CALL US: (07) 3367 0999 | EMAIL US:

What investors will look for when funding a startup company

Ultimately, every investor is different. However, when looking to invest in any startup company, there are a number of boxes you will need to check regardless of who decides to invest in you.

You need to know the market. How big is the market? How populated is the market? Is your product or idea doing the same as every other product on the market? How does your product stand out in the existing market? What sets it apart?

Having a strong business plan is essential. No one will want to back you if you do not have a solid plan for the future. Investors will want to hear numbers and forecasts. They do not want to hear you say that there are no risks involved, or hear you answer every question with certainty that no problems will arise because that is unrealistic. They will want to hear how you plan to tackle problems as they arise.

Investors will need to believe in you. You need to be sincere. Are you positive? Are you flexible? Are you realistic yet ambitious? Can you talk to people? Are you a good leader? A good listener? Do people respect you?

The team that you have on board will also be considered. Your team needs to live and breathe the product or idea just as much as you do. Do they listen to and respect you as their leader? As a collective, do they have sufficient skills and expertise?

Investors meet with numbers of founders and will get a gut feeling about you and your idea, but being able to address the above-mentioned areas should truly set you apart.

Business
advice

taxation
planning

compliance
services

News

Ineligible downsizer contributions and how they are administered

August 12, 2019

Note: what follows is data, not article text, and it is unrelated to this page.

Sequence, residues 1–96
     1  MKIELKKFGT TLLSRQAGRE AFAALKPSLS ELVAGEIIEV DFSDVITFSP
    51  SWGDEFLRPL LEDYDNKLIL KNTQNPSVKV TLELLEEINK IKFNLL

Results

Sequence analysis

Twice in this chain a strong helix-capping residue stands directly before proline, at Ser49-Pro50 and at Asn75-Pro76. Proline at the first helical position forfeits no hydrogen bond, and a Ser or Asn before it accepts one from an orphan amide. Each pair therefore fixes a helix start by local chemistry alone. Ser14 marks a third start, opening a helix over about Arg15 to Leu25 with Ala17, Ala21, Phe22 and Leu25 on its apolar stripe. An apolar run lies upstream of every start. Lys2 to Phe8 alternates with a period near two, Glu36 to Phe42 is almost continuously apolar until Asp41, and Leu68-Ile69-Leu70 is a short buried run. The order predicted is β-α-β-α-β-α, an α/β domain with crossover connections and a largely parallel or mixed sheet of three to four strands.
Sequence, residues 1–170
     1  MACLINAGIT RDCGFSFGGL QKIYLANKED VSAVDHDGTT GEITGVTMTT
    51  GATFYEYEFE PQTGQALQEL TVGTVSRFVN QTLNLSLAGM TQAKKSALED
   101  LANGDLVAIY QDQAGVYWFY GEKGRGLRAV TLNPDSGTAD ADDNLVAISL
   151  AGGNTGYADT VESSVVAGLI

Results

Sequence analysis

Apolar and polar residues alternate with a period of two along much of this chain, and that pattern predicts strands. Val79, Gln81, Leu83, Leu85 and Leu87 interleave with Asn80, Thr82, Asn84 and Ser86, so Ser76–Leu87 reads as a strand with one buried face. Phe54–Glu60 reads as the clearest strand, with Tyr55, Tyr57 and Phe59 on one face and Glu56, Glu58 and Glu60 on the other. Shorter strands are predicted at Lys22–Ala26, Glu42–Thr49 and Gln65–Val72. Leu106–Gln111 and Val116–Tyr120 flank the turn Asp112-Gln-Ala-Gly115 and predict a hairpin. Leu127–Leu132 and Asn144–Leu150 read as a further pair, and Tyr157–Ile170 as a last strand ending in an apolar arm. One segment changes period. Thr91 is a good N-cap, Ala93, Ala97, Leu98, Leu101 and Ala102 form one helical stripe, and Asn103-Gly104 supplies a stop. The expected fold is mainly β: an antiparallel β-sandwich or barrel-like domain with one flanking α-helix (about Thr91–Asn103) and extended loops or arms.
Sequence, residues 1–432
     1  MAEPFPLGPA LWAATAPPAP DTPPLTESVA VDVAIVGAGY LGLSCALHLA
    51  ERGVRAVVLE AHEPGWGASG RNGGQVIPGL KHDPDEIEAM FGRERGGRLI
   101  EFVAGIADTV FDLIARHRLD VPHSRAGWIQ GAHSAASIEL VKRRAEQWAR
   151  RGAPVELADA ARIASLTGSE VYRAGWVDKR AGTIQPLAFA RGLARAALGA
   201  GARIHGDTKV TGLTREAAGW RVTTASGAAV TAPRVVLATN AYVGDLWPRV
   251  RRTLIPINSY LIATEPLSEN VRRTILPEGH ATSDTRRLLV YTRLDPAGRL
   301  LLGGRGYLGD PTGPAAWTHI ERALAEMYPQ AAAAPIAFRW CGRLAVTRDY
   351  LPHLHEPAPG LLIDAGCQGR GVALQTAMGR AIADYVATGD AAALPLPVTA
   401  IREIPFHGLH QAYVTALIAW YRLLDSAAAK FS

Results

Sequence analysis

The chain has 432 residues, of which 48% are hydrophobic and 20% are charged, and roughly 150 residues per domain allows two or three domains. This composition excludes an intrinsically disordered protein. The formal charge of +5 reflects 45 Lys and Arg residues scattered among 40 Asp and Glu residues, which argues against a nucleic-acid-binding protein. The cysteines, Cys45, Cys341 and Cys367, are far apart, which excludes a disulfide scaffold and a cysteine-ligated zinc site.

When a downsizer contribution is ineligible, the fund must re-assess the amount in accordance with the Superannuation Industry (Supervision) Regulations 1994 and the trust deed. This is to determine if the amount can be retained as a non-concessional contribution.

Provided the trust deed allows so, the fund can return the contribution to the member or adjust the prior downsizing contributions to nil and report this amount as a non-concessional contribution when the member meets the age and work tests.

When a contribution can’t be returned or returned in full:
Members who no longer have a super interest with the fund, or an insufficient return amount, must have their contribution re-reported as non-concessional, even if the contribution was returned because the member did not meet the age/work tests. Some of the contribution may be an excess non-concessional contribution (ENCC). Regardless of the age of the member, if this is the case the member will receive an ENCC determination or when the fund can’t return the full amount. Members will continue to have access to all review rights under the ENCC scheme. Even if the member is in pension phase, the funds will still need to return an ineligible downsizer contribution if it cannot be accepted.

When a fund receives a release authority:
An amount released under these circumstances is treated as a super lump sum as it is a portion of the member’s super interest. Being in pension phase doesn’t prevent a fund from complying with the release authority although it may mean the full amount can’t be released, as the available balance may be lower than the amount stated in the release authority. Where the member’s available balance is lower than the release authority amount, the fund must release the maximum amount available.

The ATO monitors the rectification of this contribution reporting. Where funds don’t act within legislative timeframes, the Australian Prudential Regulation Authority (APRA) may be contacted.